He belongs to the family of Imam Hussain who lost his leg, his wife Halima Khatum and their five children, who live in Kutapalong Rohingya refugee camp in south-eastern Bangladesh.
Pets in the vast camps are a rarity – hardly any of about one million Rohingyas have them — which makes Whocef all the more loved.
About 750,000 Rohingyas were forced out of Myanmar at the end of last year by the Burmese military, including Imam, Halima and their family.
“The cat brings joy to our lives,” says Halima. “My husband lost his leg after he was shot by the army when we fled Burma a year ago, and it is a struggle to survive here.
“But we love Whocef because he is adored by my children and catches rats which are a big problem in our shelter at nighttime.
“When we lived in Burma we had two cats and a dog. We have always loved animals in our family.”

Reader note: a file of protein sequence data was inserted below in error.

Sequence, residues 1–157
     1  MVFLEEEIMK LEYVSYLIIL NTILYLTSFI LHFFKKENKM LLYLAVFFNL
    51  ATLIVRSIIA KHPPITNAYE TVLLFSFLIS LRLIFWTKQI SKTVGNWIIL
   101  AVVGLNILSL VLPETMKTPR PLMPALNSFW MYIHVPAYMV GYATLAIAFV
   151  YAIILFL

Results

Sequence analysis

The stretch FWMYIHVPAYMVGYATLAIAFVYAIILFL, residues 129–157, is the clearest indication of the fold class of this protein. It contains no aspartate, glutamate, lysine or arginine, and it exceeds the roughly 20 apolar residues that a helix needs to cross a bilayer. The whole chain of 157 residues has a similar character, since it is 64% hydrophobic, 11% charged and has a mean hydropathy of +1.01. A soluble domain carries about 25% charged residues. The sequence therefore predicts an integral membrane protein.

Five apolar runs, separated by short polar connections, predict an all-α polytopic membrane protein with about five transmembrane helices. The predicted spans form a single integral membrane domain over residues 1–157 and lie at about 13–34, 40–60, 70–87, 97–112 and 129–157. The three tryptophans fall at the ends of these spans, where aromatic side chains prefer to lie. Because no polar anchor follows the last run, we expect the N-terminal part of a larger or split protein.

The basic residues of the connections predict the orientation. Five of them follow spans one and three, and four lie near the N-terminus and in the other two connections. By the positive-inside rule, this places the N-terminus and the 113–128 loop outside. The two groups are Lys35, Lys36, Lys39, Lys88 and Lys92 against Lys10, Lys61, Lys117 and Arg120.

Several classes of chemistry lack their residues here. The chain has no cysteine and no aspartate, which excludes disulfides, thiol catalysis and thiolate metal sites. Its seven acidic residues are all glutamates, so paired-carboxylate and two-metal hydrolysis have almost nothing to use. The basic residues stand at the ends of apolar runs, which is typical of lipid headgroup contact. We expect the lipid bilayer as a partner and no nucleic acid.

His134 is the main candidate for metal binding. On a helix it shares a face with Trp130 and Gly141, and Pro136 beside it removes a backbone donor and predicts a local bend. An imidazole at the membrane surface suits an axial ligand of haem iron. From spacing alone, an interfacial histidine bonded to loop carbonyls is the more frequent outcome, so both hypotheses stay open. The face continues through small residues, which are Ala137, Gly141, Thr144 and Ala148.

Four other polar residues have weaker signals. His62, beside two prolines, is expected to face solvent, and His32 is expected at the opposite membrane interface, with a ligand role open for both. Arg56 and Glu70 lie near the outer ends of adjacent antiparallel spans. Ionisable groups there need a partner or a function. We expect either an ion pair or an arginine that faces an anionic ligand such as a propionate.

Whocef got the first part of his name from the World Health Organization and the second part from UNICEF.
The family asked WHO and UNICEF Communications Officers Kate Marshall and Alastair Lawson Tancred to think of the best name for him, and their suggestion was accepted.
Halima says the cat is about two months old and was found a week ago, near a tube well used by the family to collect fresh water.
Getting enough food in the camps is always a problem for many refugee families but Imam and Halima always put a little aside for Whocef, who survives on a diet of rice and vegetables in the family’s bamboo and tarpaulin shelter.
Every night the cat sleeps alongside the couple’s seven-year-old son Ridwan, who attends a UNICEF-supported Learning Centre for six days a week.
“Whocef likes to roam around the camps during the day and we are worried he won’t return at night time,” said Halima. “But he always does.
“We’d be lost without him.”
Alastair Lawson-Tancred is a UNICEF Communications Officer. He is currently in Cox’s Bazar, Bangladesh.